Shale oil and gas resources are fairly evenly distributed throughout the world except – irony of ironies! – in the Middle East. They offer a huge new source of fossil fuel energy. However, because of America’s technological advantages, the U.S. will probably be the only country to develop these resources between now and 2030. This will give the U.S. a huge leg up and perhaps even virtual energy independence by that time. That’s the forecast of BP in its recently published Energy Outlook 2030. The figures are depicted in the bar chart above.
The chart on the left represents current estimated resources for tight oil and shale gas for six regions in tons of oil equivalent (toe). Gas is represented in red, oil in green. The Asian Pacific – mainly China and Siberia - actually has the greatest resources at 60 billion toe. But North America, South and Central America, Africa and even Europe and Eurasia (Russia west of the Caucasian Mountains) are all well represented. Only the Middle East has a paucity of potential resources. (What a shame!)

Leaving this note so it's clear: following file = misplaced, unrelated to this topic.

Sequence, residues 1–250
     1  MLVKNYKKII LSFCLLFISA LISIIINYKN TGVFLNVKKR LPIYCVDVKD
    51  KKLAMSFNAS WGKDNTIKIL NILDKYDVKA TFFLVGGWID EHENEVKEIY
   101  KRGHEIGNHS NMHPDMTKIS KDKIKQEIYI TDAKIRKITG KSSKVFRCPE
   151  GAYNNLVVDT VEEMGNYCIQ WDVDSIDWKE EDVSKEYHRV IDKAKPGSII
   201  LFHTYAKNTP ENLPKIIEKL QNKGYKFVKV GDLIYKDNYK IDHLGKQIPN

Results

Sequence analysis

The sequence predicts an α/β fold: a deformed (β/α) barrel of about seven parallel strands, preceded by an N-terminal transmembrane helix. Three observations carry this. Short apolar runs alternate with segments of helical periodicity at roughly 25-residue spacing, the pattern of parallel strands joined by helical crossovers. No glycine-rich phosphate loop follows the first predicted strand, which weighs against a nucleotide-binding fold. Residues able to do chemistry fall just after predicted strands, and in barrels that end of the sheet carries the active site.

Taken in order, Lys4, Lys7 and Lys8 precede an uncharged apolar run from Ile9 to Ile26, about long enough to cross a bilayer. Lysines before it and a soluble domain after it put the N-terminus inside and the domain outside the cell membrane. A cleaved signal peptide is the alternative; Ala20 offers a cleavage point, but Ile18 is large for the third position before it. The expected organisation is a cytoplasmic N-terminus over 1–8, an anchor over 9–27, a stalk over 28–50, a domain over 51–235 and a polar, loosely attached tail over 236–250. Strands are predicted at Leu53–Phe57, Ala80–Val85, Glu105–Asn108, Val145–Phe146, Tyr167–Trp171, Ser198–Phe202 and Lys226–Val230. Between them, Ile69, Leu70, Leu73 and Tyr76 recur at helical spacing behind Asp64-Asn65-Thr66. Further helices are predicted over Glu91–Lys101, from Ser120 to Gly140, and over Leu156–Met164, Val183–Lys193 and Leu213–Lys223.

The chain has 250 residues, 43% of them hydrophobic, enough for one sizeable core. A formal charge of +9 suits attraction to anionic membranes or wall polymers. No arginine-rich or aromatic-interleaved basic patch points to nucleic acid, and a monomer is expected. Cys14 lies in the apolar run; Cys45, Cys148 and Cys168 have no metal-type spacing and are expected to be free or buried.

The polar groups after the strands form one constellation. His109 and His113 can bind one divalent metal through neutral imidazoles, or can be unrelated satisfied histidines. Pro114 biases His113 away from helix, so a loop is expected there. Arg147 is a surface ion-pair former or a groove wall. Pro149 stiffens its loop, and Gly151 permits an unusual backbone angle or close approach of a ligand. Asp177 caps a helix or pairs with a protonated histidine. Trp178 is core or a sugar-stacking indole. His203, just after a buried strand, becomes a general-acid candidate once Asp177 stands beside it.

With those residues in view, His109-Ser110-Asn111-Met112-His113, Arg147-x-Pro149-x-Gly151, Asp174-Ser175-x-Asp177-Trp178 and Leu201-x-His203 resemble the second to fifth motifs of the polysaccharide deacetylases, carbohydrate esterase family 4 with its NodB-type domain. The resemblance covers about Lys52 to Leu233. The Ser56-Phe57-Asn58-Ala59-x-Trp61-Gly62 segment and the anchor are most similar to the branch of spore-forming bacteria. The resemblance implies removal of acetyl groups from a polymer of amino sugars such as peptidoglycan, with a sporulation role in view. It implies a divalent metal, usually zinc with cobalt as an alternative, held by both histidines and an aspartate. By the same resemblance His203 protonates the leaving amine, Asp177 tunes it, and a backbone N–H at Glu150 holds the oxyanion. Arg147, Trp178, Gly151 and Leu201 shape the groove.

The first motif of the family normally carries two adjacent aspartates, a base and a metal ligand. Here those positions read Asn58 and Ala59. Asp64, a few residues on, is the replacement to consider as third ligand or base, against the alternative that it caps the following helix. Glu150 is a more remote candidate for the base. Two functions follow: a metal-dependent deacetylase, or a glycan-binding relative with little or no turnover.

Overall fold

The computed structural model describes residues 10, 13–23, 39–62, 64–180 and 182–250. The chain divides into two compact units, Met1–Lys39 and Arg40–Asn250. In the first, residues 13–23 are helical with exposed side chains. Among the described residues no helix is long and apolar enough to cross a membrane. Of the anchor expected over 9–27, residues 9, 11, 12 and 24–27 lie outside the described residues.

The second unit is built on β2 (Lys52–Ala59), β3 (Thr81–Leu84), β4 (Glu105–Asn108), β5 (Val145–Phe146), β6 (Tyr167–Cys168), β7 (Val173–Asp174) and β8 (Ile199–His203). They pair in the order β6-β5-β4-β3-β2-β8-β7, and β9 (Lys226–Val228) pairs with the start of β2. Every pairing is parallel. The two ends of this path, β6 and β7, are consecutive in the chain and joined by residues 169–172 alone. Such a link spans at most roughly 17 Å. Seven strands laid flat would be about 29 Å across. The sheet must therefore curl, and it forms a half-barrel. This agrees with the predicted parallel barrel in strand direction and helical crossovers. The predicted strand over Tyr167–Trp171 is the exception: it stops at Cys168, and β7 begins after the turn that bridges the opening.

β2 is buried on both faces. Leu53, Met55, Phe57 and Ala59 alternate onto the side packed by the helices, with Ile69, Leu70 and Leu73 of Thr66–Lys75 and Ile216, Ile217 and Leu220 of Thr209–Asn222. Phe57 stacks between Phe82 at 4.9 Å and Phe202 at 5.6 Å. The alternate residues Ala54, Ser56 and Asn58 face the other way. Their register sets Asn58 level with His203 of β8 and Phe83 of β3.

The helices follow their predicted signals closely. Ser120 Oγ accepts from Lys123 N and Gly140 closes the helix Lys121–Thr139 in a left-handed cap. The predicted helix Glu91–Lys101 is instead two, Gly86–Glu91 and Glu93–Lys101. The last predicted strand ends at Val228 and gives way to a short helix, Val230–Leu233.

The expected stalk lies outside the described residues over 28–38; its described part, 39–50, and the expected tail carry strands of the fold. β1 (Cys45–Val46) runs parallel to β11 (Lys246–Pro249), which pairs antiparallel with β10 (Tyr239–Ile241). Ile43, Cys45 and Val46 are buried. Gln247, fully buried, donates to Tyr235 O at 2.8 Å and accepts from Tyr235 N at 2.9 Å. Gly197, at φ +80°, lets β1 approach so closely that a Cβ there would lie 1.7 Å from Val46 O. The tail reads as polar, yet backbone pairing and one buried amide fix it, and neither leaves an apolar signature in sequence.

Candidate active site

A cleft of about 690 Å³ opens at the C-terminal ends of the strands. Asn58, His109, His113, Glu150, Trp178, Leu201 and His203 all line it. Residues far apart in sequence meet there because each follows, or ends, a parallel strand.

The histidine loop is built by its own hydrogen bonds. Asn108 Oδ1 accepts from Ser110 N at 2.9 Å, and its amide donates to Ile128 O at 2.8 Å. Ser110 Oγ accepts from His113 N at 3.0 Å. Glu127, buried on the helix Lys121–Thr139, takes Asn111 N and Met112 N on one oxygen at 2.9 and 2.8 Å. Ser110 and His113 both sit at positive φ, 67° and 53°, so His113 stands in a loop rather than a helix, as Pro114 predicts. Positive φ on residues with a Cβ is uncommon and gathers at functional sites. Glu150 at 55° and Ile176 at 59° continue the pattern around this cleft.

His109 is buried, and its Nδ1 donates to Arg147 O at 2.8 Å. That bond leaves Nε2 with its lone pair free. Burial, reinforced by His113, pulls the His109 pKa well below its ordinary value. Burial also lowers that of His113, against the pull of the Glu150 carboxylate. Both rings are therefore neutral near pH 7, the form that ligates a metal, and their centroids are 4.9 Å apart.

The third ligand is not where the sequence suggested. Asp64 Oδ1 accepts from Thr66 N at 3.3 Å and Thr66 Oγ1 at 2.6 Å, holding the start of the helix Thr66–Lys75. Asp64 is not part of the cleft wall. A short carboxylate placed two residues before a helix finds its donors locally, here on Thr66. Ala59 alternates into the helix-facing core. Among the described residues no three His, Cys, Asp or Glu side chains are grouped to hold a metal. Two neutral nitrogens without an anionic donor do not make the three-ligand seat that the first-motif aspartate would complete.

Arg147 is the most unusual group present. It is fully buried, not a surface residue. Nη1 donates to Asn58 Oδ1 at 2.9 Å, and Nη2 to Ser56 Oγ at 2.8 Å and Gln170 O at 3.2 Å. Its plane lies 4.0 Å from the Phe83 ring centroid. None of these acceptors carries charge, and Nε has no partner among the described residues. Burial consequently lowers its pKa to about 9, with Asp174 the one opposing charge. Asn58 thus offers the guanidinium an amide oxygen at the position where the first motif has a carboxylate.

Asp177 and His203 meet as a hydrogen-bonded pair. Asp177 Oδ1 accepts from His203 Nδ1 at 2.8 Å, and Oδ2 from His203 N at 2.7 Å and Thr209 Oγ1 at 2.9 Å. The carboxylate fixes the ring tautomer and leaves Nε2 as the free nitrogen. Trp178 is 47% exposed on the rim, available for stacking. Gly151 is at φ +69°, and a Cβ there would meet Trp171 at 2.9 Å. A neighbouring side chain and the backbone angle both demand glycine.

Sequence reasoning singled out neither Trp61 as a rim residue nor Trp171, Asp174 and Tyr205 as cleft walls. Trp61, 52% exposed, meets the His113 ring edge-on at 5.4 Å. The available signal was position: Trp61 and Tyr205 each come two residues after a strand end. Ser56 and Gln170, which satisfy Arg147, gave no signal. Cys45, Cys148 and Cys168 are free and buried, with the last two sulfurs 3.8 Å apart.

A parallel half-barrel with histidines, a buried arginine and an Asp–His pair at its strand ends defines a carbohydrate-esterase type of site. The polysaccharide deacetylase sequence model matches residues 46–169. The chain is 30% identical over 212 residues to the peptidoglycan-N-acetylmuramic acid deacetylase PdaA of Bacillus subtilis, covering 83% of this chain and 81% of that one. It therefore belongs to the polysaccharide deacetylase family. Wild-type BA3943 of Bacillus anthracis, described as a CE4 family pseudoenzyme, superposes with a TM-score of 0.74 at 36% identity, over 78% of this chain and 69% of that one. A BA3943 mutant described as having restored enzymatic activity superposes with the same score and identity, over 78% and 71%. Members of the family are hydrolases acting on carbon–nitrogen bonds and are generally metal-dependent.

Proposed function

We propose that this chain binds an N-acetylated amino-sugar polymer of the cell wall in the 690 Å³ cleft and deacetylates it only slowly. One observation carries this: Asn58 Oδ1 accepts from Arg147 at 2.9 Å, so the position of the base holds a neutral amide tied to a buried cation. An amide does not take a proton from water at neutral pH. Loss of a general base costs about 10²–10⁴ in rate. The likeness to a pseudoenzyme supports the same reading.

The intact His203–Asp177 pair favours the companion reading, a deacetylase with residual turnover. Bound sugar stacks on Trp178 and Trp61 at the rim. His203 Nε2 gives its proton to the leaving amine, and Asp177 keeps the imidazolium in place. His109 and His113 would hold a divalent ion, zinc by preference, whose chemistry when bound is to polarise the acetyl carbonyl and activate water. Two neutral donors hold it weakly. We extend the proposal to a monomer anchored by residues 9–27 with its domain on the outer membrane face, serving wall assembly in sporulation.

But because of a lack of technological infrastructure, only North America will be developing these resources in the near future, as the chart on the right predicts. The U.S. is already well underway with the Bakken and Marcellus Shale both in full development. Europe also has ample shale gas resources but does not seem disposed to tap them at this time. The rest of the world simply doesn’t have the infrastructure – although don’t bet against China catching up soon. The result is that by 2030, according to BP’s estimates, nearly all the tight oil and gas production will be in North America. Gas will amount to .5 billion toe and tight oil will be .3 btoe. Only Europe and Western Russia will be at 0.1.
But notice also the magnitude of these reserves in comparison with their predicted production. Even at a level where energy independence may be achievable, the U.S. will be producing less than 1/50th of its potential shale oil and gas resources. And the rest of the world will have barely begun! All this suggests that the inflection point of “peak oil” may still be far, far in the future.